Video (games) killed the storyteller: Undertale
Many video games revolve around a simple premise; players defeat the enemy and complete the quests. This is an idea that lingers in the minds of many gamers as they interact with a new game. However, some games flip this idea on its head and encourage the player to become more creative with their decisions. One game that does this rather well is “Undertale” by indie developer and composer Toby Fox.
“Undertale” is a role-playing video game and begins with scrawling text. In the text the player is introduced to the world of “Undertale” and given details of a war between humans and monsters, where monsters have been locked underground via magic. There’s a short cut to an image of a mountain, and then a child climbing up it before they fall into a hole, and the player becomes the “fallen child” from the opening.
After the player names the character, the player is introduced to a tiny flower, named Flowey. Flowey introduces themselves and seems nice for a few seconds, but then Flowey explains that they have to “teach you how things work around here.” A box appears with a tiny heart in it and Flowey explains that it is the player’s soul. Flowey then states that in order to become stronger the player must collect “friendliness pellets.”
It doesn’t take long to realize the Flowey is an enemy and not in fact a friend. The pellets hurt the player as soon as they touch them. It was a trick, and Flowey starts to attack. But before Flowey can attack the player again, the player is rescued by Toriel, a monster that looks a bit like a dog and a cow.
This game threw me for a loop when I first played. The developer of this game allows the player to choose how they interact with the world of “Undertale.” The player can choose to never level up and to never harm another character within the game if they so choose. This premise is simply wonderful, and I’ll be focusing on the “pacifist playthrough.”
The dialogue in “Undertale” is entertaining beyond belief. Characters are full of life even though they never speak audibly. instead Toby Fox has managed to give each character life with text alone. This is simply outstanding and the main reason I’m giving the game a 10/10 for its dialogue. While playing I felt engaged throughout and was successfully immersed. The characters even give the player taunts, clues, and rewards based on dialogue interactions. If the player chooses to be nice and decides to instead hug, give food, compliment, etc. they will “defeat” the monster.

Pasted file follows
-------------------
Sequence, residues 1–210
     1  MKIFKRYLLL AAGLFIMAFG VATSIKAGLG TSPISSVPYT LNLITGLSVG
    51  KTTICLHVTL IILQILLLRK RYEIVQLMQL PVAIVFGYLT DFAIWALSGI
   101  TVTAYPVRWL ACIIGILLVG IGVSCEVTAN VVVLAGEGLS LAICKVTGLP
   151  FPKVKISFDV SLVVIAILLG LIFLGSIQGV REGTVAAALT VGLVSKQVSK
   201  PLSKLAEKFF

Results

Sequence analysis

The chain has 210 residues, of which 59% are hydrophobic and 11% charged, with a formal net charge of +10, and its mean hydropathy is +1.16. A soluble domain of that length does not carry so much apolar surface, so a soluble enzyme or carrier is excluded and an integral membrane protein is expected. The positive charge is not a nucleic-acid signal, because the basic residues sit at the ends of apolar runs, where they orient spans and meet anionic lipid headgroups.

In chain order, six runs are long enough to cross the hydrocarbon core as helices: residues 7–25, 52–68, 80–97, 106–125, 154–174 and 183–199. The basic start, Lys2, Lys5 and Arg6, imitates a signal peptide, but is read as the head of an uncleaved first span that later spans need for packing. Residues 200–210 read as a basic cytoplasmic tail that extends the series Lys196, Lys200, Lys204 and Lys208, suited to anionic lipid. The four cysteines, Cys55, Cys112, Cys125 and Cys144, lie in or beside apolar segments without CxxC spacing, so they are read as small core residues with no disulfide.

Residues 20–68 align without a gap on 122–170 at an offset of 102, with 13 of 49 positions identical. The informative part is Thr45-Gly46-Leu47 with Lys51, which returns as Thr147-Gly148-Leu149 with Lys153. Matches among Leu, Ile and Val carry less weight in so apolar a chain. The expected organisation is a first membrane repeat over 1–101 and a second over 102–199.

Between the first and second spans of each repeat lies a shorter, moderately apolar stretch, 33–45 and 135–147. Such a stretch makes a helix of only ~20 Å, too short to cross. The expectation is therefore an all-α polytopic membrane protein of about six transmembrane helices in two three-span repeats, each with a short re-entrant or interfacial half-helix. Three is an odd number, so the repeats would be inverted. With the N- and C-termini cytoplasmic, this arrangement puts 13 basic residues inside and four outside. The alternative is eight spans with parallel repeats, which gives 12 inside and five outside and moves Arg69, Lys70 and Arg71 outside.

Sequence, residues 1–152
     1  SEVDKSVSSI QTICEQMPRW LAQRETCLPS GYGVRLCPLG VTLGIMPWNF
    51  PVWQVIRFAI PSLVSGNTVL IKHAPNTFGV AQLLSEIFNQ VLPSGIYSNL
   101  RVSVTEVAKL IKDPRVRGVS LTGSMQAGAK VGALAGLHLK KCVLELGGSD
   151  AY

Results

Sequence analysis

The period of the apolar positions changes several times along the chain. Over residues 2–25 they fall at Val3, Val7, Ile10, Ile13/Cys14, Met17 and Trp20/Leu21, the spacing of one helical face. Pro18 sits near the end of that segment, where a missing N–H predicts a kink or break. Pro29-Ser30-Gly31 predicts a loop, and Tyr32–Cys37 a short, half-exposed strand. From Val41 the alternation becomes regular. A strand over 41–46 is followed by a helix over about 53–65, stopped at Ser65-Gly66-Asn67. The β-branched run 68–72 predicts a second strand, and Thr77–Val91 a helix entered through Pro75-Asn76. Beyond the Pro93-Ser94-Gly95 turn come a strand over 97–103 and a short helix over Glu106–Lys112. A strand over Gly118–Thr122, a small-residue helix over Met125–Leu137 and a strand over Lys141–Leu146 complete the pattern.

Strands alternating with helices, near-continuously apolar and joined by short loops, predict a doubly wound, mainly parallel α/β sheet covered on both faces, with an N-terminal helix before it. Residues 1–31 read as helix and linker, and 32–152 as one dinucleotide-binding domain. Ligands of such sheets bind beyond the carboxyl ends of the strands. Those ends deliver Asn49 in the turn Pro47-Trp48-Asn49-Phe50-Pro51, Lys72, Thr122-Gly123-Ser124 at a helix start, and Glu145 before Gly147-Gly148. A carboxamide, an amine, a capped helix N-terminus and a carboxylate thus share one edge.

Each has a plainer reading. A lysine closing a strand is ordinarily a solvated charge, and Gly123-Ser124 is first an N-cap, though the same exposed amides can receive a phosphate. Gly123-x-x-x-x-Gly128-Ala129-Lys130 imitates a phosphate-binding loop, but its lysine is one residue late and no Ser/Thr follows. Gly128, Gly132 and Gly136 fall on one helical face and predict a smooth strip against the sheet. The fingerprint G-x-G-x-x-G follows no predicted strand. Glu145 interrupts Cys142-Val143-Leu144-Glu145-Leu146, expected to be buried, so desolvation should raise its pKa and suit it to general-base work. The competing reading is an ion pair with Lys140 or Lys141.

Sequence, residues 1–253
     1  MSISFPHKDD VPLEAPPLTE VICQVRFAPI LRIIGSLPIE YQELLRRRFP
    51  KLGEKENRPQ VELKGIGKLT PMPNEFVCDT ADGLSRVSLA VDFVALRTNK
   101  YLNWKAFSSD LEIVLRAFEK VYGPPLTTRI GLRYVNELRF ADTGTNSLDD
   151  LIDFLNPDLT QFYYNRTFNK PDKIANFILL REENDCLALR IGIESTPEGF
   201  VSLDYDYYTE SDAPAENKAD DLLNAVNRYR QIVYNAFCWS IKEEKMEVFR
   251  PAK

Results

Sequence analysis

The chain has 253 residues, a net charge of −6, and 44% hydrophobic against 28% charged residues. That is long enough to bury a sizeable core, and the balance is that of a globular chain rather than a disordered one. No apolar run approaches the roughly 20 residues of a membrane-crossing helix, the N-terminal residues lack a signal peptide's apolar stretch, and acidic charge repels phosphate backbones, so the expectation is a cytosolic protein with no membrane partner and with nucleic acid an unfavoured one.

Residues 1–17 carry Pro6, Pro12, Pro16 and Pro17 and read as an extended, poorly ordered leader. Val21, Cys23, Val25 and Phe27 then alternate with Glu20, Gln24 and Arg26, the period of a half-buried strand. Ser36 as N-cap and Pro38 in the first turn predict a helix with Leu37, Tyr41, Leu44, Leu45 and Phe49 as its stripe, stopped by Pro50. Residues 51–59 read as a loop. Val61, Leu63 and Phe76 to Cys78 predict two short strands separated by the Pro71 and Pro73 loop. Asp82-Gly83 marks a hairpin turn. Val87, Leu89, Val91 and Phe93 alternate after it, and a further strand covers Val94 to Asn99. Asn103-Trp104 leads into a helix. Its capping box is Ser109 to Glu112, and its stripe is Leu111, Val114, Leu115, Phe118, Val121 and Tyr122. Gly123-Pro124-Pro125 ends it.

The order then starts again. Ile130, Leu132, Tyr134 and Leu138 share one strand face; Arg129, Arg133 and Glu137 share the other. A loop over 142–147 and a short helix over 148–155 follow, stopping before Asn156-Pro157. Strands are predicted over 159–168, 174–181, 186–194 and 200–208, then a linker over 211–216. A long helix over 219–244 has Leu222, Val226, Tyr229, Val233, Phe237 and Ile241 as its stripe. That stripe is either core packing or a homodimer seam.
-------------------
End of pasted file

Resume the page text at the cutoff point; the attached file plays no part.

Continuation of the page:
The story of “Undertale” is well done. As mentioned above, the dialogue of the game allows for a rather immersive game. The story is straight forward, the player is a human in a world of monsters, the oppressor among the oppressed, a victor in a world where the monsters lost. It’s rather poetic and intriguing. It felt visceral, especially because if the player chooses to proceed with a violent playthrough they are playing into the stereotype of human brutality the game is portraying. Playing passively confuses many of the “enemies,” and it was fun to break that mold. I give the story an 8/10, not because anything is wrong with the story, but because it is a bit harder to understand.
Plot accessibility/understanding: 7/10
Plot accessibility and understanding receive a 7/10 from me for the aforementioned confusion a player may experience while playing. If you play violently all of the “enemies” become incredibly difficult to defeat. This may frustrate some newer gamers and cause “rage quits.” I was lucky enough to know before playing that I should perhaps choose kindness. However, not everyone who picks up this game will be aware of this, especially since most of the game is spent trying to antagonize the player. Many avid gamers are willing to commit violent acts within a game, but “Undertale” isn’t clear that any and all violent acts result in a “bad” ending.
Has “Undertale” killed the storyteller? I think it revived the storyteller and chose to challenge them. “Undertale” gives the storyteller “LV” and a nice warm hug.